The death of Led Zeppelin’s legendary drummer, and possibly the greatest percussionist of all time, John Bonham, would bring an end to the biggest band on the planet and one of the most prominent rock acts of the seventies. It was a death that would send shockwaves across, not only the music world but the entire globe as the juggernaut John ‘Bonzo’ Bonham sadly passed away.
The stadium-sized rockers, Led Zeppelin, had long ruled over a decade in which they delivered album after album of monster jams, but the new decade presented a fresh challenge. The eighties would be a daunting time for any hard rock act and, to make matters worse, it would be one Led Zeppelin faced without their behemoth drummer. The drummer took to the stage for the final time with his brothers in rock on July 7th 1980.
The summer of 1980 saw the end of Led Zeppelin’s major European tour. It was a rally of shows which would confirm Led Zeppelin could be just as powerful in this decade too and hinted that they weren’t about to slow down for anyone. With the group’s last performance in Berlin proving to be the final time Robert Plant, Jimmy Page, John Paul Jones, and John Bonham would share the stage. It had been a tour full of new beginnings for a band who had been on the ascendancy for so long.
The tour of 1980 would see the band have to drastically change their act to match the new values and themes that audiences held dear. Led Zeppelin had been the wild showmen of the rock world during the seventies but, as the music world turned towards the brash and basic staging of punk and new wave (enjoying the employment of real-life talent rather than the upper echelons of rock as before), the band were starting to look as long in the tooth as their now-passe soloing. With 14 nights scheduled for the European summer, Zeppelin needed to streamline their set to make sure they weren’t seen as dinosaurs.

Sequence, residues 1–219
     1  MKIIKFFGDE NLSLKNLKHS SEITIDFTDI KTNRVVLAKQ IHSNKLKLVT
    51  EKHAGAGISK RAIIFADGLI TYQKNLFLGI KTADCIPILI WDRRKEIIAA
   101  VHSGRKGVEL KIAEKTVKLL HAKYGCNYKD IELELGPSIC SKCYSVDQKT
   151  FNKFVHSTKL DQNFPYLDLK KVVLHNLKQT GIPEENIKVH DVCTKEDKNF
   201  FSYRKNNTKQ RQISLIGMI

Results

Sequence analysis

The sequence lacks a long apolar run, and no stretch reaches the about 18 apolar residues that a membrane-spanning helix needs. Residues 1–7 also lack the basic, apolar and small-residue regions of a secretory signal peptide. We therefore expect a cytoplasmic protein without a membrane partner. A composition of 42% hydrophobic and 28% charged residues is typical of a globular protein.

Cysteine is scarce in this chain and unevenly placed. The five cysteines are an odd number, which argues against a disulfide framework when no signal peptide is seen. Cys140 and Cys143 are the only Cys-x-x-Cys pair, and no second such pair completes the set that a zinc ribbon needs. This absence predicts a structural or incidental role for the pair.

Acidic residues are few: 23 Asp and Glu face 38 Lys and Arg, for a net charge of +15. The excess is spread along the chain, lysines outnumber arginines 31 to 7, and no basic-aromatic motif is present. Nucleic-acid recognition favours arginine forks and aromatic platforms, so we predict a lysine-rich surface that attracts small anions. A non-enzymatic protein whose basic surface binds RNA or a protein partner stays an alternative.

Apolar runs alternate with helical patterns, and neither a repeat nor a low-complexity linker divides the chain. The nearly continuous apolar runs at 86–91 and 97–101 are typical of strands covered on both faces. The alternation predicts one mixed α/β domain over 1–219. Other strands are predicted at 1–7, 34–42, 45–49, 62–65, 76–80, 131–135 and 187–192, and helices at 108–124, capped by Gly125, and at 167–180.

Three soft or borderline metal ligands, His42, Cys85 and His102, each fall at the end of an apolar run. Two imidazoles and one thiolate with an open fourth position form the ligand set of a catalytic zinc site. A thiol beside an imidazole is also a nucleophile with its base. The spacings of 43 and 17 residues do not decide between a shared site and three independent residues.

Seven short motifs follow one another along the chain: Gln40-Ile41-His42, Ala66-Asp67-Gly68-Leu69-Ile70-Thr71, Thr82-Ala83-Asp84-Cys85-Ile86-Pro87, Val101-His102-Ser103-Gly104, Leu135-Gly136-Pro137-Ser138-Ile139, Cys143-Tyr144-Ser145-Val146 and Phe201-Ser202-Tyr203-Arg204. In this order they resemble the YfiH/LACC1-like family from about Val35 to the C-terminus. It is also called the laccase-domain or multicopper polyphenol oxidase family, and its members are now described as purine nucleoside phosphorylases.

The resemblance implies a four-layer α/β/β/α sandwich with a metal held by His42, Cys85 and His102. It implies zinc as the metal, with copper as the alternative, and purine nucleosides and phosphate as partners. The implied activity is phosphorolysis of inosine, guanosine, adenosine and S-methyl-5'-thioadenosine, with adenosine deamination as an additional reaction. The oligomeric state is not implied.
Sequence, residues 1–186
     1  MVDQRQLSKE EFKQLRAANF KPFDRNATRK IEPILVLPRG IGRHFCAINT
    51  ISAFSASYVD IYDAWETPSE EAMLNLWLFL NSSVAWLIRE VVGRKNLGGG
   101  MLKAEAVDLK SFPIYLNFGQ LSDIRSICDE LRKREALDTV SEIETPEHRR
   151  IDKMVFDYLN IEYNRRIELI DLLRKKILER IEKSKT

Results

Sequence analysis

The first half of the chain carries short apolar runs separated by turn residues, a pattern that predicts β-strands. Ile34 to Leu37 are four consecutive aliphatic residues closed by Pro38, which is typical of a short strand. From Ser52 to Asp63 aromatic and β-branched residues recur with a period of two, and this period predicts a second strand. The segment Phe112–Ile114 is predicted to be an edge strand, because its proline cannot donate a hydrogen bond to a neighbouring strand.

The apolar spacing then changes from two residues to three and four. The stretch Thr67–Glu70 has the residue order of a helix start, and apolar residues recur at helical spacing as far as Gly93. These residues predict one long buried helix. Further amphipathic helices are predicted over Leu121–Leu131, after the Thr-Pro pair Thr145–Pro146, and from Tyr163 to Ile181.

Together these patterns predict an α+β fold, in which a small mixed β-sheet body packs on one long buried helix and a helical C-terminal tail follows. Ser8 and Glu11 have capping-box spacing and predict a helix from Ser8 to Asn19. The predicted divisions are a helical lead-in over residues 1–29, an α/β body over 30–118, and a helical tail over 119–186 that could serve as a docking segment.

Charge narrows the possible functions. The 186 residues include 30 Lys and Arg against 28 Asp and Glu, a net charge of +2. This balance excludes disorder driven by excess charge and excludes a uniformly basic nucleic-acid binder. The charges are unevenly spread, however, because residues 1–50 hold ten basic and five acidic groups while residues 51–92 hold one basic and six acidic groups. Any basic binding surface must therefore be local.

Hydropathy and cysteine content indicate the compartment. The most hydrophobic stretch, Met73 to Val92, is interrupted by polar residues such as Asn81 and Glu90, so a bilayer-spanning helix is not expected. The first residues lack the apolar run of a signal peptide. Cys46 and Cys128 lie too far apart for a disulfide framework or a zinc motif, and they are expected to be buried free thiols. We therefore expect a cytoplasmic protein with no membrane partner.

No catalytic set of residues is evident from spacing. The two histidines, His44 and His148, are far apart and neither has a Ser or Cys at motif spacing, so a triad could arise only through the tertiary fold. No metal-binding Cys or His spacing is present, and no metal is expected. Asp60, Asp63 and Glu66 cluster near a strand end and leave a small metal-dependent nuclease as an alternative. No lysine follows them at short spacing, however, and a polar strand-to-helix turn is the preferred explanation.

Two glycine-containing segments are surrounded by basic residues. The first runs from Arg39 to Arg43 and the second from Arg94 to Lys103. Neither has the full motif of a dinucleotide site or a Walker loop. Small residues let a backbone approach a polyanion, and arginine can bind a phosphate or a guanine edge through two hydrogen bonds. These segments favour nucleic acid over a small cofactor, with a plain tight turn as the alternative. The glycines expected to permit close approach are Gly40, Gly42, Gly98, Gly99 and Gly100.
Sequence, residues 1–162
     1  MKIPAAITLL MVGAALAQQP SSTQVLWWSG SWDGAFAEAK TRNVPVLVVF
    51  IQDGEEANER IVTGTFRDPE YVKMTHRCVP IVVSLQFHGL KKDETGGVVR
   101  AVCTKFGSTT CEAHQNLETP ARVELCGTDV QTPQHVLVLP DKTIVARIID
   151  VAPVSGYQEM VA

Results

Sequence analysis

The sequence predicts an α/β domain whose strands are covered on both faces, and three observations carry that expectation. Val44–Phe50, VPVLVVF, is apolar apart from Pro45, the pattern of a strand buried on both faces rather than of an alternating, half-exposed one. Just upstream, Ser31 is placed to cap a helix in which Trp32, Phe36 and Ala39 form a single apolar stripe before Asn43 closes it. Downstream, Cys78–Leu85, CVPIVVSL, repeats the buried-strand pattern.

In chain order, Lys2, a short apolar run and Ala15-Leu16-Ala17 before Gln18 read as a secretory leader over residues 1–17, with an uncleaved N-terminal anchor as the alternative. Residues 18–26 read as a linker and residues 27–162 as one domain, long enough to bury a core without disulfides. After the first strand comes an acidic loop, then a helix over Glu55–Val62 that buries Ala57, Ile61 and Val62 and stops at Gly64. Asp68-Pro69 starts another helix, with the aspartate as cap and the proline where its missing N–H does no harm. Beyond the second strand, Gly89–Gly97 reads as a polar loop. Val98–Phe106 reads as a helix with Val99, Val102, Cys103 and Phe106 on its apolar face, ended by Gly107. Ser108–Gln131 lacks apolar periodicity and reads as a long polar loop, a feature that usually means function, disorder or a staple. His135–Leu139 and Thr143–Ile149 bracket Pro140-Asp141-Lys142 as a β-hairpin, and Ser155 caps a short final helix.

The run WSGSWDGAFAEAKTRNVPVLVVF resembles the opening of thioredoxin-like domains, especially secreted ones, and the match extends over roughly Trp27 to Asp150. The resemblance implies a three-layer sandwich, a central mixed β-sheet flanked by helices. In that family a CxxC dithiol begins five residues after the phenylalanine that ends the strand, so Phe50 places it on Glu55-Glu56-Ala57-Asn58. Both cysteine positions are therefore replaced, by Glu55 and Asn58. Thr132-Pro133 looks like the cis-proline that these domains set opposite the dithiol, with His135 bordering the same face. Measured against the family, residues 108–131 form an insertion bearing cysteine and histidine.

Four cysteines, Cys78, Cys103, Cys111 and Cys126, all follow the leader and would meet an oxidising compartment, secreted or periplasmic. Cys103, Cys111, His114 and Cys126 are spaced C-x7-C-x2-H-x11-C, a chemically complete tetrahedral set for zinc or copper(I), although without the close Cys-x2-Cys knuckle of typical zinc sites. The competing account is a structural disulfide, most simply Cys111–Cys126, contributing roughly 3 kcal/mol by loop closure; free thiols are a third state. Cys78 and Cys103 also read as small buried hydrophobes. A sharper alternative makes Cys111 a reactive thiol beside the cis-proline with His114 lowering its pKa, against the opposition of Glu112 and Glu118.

The band had been touring since 1968 and while the show had definitely evolved from the band’s original efforts, the performances had now become a little static, a little staged and all too predictable for their audience. As such, the group cut the fat from the show and avoided anything that felt too over-produced or over-complicated. This saw the removal of lots of their visual effects, including the smoke, lasers, and even their costuming. For old school fans of the band rocking up in 1980, the experience of seeing them was very different to anything they may have experienced but Zeppelin had to evolve.
It also meant that the now-well-established ritual of John Bonham’s epic drum solo on ‘Moby Dick’ (usually coming in around the fifteen-minute mark), Jimmy Page’s violin bow guitar solo on ‘Dazed and Confused’, and John Paul Jones’ noodling keyboard intro on ‘No Quarter’ were all cut from the setlist too. Instead, the emphasis was placed back on the songs rather than the individual parts that make them. The tour became known fondly as the ‘Cut The Waffle’ tour.
Fret not Zepheads, the band still had a show full of classics as no Led Zeppelin performance was complete without the obligatory ‘Stairway To Heaven,’ the band’s favourite ‘Kashmir’ and ‘Whole Lotta Love’. It means that this bootleg from the band’s last performance with their main man John Bonham is still packed full of perfect moments as they open the show with ‘Train Kept A-Rollin’, a stalwart they’ve been performing since 1968.
Despite the lure of a new decade of domination of the rock and roll world beckoning, another classic from the past would close the show and signify they weren’t done with their old stuff yet. John Bonham would bow out with Led Zeppelin with the stunning performance of ‘Whole Lotta Love’. The drummer would sadly pass away only a few weeks after the show and leave a huge hole in what made Led Zeppelin great.
Just a few weeks before the show, Bonham had seemingly foreshadowed the event, as he collapsed three songs into the set and saw a Zeppelin concert cancelled — his drinking had gotten out of control. While the rest of the tour went off without a hitch, Bonham died after drinking around 40 shots of vodka in a single night, never waking up from his stupor and leaving fans across the globe in shock.
The drummer was reportedly at Jimmy Page’s house recording and writing new music and possibly concocting the next batch of tunes to share with a brand new decade. Sadly, with Bonham’s passing, Led Zeppelin would never get the chance to record as one again and disbanded in December of that year.
Listen below to the final performance of Led Zeppelin’s iconic line-up.